New Zealand's primary industries have the poorest understanding of cybersecurity threats and are the least prepared to manage them, according to the Cyber Security NZ SME Landscape 2014 survey.
The survey, conducted early this year, covered 500 businesses across New Zealand. The majority of participants surveyed were in the service industry (56 per cent), followed by primary (15 per cent), retail (15 per cent) and secondary industries which include manufacturing and transport and storage (14 per cent).
Primary industries support the bulk of the New Zealand economy, says Dr Ryan Ko, senior lecturer at the University of Waikato. These industries include agriculture, forestry, fisheries, electricity, gas, mining and construction.
"If these and other export companies will face security glitches that might take the business down, it is not them who will just be affected, the whole of New Zealand is affected," says Ko on the key findings of the survey.
"We are on the same canoe, if one canoe has a hole, it will sink," Ko tells CIO New Zealand at the cybersecurity briefing organised by Vodafone, which had commissioned the survey undertaken by the University of Waikato's Cyber Security Lab headed by Ko, and Colmar Brunton.
Ko says the "good news" from the survey was that organisations holding "sensitive data" such as banking, finance, insurance, and professional services companies that handle scientific data, have the highest awareness of cybersecurity threats.
The survey found more than half (56 per cent) of New Zealand businesses experience IT security attacks at least once a year, and that 70 per cent have been affected by computer scams, online fraud or viruses and malware.
Moreover, nearly half of all companies survived (45 per cent) felt their business did not have adequate tools and policies in place to prevent or mitigate cyber threats.
"The statistics are pretty alarming across the board but for the primary industries, it is particularly concerning when you consider the huge importance of the sector to the New Zealand economy," says Colin James, head of security at Vodafone New Zealand.
Globally, James says Vodafone sees around 65 billion cyber-attack indicators against its own infrastructure per month, but it is also seeing a marked rise in the number of attacks within New Zealand.
"You get a lot of noise when it comes to security, how do you find that one little gem amongst all that noise that means something bad has happened and potentially you have been compromised?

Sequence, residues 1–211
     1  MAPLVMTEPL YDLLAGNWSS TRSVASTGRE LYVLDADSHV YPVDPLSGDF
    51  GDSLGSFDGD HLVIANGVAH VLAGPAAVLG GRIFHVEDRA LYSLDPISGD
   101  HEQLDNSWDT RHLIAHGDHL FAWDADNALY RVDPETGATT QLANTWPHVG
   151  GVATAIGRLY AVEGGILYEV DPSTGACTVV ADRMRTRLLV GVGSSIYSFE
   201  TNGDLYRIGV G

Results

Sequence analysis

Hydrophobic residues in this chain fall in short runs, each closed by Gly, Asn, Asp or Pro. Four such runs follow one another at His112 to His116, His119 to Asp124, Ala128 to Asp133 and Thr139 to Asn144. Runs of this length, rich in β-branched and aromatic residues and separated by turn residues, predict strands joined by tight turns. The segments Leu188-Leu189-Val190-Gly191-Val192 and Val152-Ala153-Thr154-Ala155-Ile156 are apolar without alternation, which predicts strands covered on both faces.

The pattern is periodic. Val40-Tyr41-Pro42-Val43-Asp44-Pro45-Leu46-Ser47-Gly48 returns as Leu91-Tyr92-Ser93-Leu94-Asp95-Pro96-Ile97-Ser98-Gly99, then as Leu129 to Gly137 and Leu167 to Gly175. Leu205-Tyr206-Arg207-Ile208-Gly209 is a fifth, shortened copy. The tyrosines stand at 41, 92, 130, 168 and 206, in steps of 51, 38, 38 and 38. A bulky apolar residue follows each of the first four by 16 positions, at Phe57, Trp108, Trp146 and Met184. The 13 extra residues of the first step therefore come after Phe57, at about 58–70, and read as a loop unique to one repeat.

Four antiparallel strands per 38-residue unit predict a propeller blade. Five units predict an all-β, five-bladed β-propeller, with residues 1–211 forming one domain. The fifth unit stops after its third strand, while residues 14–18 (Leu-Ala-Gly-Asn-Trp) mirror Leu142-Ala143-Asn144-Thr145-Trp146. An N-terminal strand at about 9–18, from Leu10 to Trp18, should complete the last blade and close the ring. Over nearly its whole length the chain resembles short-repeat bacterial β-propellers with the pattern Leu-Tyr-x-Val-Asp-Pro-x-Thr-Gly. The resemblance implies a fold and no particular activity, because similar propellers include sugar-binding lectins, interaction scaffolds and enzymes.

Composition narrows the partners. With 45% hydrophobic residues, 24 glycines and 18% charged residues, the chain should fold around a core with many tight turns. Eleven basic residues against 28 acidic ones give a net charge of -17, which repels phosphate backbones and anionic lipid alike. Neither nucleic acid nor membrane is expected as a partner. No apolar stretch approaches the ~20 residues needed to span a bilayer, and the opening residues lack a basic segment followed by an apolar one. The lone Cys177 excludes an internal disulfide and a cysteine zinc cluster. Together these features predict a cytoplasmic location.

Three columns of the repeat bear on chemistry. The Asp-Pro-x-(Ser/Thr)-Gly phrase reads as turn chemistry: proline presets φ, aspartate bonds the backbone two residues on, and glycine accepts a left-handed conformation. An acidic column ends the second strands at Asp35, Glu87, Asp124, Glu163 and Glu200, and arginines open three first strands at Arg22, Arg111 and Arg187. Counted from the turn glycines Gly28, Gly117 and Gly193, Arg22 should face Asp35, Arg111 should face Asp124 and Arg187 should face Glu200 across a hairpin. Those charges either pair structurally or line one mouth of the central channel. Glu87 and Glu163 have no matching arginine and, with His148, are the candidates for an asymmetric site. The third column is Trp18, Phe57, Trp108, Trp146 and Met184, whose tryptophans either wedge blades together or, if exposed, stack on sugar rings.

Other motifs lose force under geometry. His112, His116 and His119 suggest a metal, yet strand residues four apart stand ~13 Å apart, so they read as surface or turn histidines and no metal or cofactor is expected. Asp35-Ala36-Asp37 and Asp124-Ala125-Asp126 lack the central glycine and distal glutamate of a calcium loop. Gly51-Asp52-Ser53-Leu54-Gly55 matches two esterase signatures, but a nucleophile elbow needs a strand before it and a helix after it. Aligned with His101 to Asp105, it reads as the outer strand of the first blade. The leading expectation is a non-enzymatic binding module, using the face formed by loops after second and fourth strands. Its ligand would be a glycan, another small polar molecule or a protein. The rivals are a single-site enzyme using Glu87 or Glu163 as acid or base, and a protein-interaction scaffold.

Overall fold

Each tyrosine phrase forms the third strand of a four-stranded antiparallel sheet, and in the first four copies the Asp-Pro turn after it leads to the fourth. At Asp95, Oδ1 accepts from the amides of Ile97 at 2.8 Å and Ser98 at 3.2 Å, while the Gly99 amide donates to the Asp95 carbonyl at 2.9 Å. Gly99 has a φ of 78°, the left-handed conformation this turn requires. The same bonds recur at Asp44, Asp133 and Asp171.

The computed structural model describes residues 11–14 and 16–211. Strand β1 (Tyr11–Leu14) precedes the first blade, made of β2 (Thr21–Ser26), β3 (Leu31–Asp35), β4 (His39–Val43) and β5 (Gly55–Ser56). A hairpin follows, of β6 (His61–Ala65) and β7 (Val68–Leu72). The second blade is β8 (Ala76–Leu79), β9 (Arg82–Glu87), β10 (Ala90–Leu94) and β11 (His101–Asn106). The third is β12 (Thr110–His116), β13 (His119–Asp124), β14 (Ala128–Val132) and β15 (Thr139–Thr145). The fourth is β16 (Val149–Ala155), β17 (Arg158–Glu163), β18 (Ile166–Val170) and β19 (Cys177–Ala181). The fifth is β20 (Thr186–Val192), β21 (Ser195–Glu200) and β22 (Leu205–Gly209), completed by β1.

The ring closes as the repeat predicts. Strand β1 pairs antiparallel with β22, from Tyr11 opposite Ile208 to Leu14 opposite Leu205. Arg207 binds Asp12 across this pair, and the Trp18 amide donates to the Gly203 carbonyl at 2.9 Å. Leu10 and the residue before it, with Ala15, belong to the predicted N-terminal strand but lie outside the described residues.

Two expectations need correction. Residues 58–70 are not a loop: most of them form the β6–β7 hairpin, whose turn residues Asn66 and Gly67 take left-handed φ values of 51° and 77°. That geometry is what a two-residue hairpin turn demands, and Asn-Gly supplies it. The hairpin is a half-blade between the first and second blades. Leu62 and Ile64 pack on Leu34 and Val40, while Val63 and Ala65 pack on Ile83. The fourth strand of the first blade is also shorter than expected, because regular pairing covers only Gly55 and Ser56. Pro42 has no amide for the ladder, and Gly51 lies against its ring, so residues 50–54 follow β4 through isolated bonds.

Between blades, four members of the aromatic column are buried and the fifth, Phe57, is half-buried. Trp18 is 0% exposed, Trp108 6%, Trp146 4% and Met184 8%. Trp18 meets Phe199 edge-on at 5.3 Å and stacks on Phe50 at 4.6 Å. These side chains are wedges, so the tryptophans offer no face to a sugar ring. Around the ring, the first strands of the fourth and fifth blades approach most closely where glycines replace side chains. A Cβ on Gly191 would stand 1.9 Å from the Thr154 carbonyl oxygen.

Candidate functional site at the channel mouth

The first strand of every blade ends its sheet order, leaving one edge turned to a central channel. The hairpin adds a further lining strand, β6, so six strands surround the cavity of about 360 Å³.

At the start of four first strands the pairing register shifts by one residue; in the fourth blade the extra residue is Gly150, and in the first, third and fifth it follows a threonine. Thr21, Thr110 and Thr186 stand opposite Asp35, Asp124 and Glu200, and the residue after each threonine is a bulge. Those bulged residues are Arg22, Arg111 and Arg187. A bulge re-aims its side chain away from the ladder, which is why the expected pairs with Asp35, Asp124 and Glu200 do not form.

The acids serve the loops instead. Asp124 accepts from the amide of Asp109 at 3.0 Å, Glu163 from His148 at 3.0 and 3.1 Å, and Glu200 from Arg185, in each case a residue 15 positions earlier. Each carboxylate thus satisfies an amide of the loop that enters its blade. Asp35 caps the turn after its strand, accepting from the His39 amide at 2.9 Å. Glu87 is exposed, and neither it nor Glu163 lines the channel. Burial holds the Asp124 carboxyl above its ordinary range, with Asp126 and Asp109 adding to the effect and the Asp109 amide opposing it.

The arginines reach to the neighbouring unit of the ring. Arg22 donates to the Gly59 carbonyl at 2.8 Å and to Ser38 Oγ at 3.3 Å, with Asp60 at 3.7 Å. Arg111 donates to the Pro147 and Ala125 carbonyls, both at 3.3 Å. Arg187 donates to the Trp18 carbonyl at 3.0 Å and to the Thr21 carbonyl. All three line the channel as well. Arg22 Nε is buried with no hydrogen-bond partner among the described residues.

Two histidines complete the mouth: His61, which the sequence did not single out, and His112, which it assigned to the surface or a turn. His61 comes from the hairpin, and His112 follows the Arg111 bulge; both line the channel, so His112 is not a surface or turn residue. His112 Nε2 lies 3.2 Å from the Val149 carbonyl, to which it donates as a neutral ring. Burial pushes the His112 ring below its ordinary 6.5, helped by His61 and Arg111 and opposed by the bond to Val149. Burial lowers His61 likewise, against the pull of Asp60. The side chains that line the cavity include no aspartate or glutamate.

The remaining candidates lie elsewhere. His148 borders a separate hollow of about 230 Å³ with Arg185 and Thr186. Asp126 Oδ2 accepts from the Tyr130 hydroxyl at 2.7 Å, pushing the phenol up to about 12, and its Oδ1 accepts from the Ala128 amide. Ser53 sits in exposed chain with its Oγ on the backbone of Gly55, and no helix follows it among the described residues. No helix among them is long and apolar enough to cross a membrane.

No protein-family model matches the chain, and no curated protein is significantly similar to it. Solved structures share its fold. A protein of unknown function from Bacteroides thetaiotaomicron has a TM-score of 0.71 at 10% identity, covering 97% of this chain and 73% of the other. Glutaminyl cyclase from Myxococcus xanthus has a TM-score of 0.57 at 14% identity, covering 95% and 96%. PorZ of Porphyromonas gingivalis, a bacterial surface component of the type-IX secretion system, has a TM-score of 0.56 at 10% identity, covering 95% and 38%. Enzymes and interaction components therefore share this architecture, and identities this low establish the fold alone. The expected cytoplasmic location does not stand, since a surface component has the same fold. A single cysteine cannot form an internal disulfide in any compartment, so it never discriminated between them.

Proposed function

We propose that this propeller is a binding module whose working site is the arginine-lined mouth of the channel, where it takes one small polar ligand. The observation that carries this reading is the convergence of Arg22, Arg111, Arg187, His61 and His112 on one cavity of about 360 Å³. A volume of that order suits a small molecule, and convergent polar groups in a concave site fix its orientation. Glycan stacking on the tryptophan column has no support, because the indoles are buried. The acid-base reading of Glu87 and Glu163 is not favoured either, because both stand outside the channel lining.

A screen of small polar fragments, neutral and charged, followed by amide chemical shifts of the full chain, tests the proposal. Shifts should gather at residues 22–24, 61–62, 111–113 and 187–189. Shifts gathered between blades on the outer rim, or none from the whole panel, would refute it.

"Geographical isolation isn't a safety net against threats. Gone are the days when all you needed was a firewall or virus scan to secure your company's private data. Threats are becoming more sinister and advanced in their capability; the players are the same, but the tools they have access to have evolved astronomically."
James says there are also software update services for malware, so the malware updates itself. "They are taking a leaf from our own IT systems."
The rise of mobility also means businesses now grapple with security information outside the business environment, says James.
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Mobile devices are outgrowing laptops, and there is more likelihood a tablet or mobile will be left behind in a bar or taxi compared to a laptop. The survey found 83 per cent of lost smartphones in 2014 resulted in compromised business data.
Small businesses or those with under 250 staff account for 30 per cent of targeted attacks. To avoid detection, most of the attacks and hacking occur during weekends.
Despite these statistics, six out of 10 companies have no plans to increase their investment in IT security, notes James.
"Business leaders and IT managers need to re-evaluate where information is sitting these days; who has access to it and what security policies they have in place to protect against and prevent attack," says James.
"The future for true cybersecurity lies with the vigilance of IT decision-makers -- to ensure their systems are capable -- and network providers to build more intelligent infrastructure capable of acting on threats to protect not only an individual user, but the overall integrity of the network," says James.
Vodafone, he says, has deployed its own system called Vodafone Secure Device Manager (VSDM), which enables a company to remotely manage and secure any device on its network -- whether company owned or part of a BYOD program.
"We need to ensure information is protected, regardless of where it resides. Intelligent networks operate by understanding what devices are connected to it, who is using those devices, who and what they're communicating with and what they're talking about.
"Without this intricate knowledge, businesses run the risk of creating chinks in their armour and opening themselves up for attack," says James.
Ko, meanwhile, says the Cyber Security Lab at the University of Waikato is working on user centric tools. "The goal is to create tools which will allow everyone to have capability to get back to business or address a security problem as easy as it is to send an SMS."
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